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Pupils at Roydon Primary School left without play equipment for two years

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Primary school children have been left without play equipment for two years after it was taken down during a major building project.

More than £50,000 of outdoor equipment was taken down during a multi-million-pound expansion of Roydon Primary School, leaving pupils with just an empty playground and school field to keep themselves entertained on during breaks.

Now officials have found the equipment is no longer fit for purpose.

Pupils at Roydon Primary have been without outdoor play equipment since 2019. PICTURE: Mecha Morton.
Pupils at Roydon Primary have been without outdoor play equipment since 2019. PICTURE: Mecha Morton.

Norfolk County Council (NCC), who run Roydon Primary, have now offered the school £12,000 - leaving teachers with the difficult decision on what to replace.

In October 2019, an ambitious £5.75 million renovation of the school, in Manor Road, was completed, which saw eight new classrooms, new changing rooms, and pupil capacity increased from 250 to 420.

However during the project, contractors took down the school’s existing play equipment - which included a den building area, a wooden train, a four part trim trail and a wooden climbing frame - putting it into storage where it has rotted and decayed beyond the point of repair.

Equipment was damaged during the building of a £5.57 million extension in October 2019. Picture: Mark Bullimore Photography
Equipment was damaged during the building of a £5.57 million extension in October 2019. Picture: Mark Bullimore Photography

Sarah Bradford, headteacher at the school, said: “It was agreed from the beginning of the project that the school’s outdoor play equipment would be put into storage and re-installed at the end.

“The children have waited so patiently for two years, and they were excited to see the plans drawn up as the building work neared completion.

“Unfortunately, we have since found that we are now left with a huge pile of rotting wood, broken and bent poles, cut ropes, and no hope of any of it being put back together again.”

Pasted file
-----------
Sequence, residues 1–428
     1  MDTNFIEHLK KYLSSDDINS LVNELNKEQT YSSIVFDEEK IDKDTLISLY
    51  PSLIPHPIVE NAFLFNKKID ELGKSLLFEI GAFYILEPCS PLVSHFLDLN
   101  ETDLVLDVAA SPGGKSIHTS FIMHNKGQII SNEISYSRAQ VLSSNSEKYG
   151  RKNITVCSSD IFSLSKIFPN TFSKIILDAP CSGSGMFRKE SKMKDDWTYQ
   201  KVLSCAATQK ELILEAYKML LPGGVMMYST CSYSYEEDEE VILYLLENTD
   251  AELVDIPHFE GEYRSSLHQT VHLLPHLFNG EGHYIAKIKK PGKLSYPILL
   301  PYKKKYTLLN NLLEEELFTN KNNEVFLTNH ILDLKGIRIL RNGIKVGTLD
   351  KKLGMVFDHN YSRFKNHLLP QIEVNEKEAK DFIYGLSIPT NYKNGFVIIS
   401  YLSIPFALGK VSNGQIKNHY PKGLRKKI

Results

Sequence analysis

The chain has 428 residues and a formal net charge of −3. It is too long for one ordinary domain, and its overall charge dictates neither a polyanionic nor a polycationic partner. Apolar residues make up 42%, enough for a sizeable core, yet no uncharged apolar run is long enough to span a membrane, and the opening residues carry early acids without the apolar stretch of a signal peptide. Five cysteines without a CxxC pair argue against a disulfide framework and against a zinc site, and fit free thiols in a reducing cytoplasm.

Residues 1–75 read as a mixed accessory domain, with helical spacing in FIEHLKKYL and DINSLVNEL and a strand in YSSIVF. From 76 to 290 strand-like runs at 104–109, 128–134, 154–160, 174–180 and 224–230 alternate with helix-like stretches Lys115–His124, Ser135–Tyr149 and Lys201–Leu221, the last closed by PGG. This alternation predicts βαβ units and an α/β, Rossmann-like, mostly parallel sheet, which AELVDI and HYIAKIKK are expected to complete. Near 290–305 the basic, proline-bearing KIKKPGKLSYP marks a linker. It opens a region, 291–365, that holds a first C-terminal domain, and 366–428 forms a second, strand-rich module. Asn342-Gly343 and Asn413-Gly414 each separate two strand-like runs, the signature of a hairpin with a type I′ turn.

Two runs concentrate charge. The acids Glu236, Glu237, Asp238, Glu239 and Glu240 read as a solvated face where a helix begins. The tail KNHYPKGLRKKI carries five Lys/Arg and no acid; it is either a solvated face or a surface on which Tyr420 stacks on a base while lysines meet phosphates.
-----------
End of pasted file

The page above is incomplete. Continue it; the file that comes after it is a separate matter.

With almost two years without access to any equipment, parents at the school are beginning to worry that it is having a detrimental impact on the development of their children.

Natalie Thornton-Jones, whose child is a pupil at Roydon Primary, said: “Since 2018 the children have had no outdoor play equipment to enjoy and explore - there is just a flat grey playground and an empty field.

“Outdoor equipment is so important for children to practise physical skills like climbing, balancing, jumping, skipping and co-ordination. Not to mention the social aspect and positive impact on mental health.

“We are in a desperate situation as now more than ever with all of the social restrictions and lockdowns the children have been through they need space to play freely, be imaginative, get physical exercise and make friendships.”

The lack of an outdoor area was also criticised in Roydon’s latest Ofsted report, from January this year, which determined that the school “requires improvement”.

The report said: “There is still more to be done to organise the learning environment for these younger children, so the early years curriculum can be delivered effectively.

“The outside space needs to be developed so that activities give children opportunities to apply their knowledge and skills across all areas of learning.”

NCC have coughed up £12,000 to replace the equipment - just 0.2 per cent of the cost of the initial renovation - but teachers warned that it was nowhere near enough to replace the damaged equipment.

Cllr John Fisher, cabinet member for Children’s Services at NCC, said: “The council has invested £5.75 million in the expansion and refurbishment of Roydon Primary School, building six new classrooms, a brand new hall, new kitchen, new entrance and offices, and a refurbished library area.

“We did remove outdoor play equipment, which was quite a few years old, to make this work possible. It was stored while the improvement work was carried out but unfortunately was not in a good enough condition to re-instate at the end of the project as we had originally planned.

“We have therefore offered the school £12,000 towards new play equipment and we are waiting to hear whether they accept this offer.”

The school has accepted the offer, but it has left teachers with the tough decision over what needed to be prioritised.

Mrs Bradford said: “We now need to decide whether to use that to replace six doors so that children can access the outdoor play areas, or put it towards making good the outdoor learning environment for our youngest children.”

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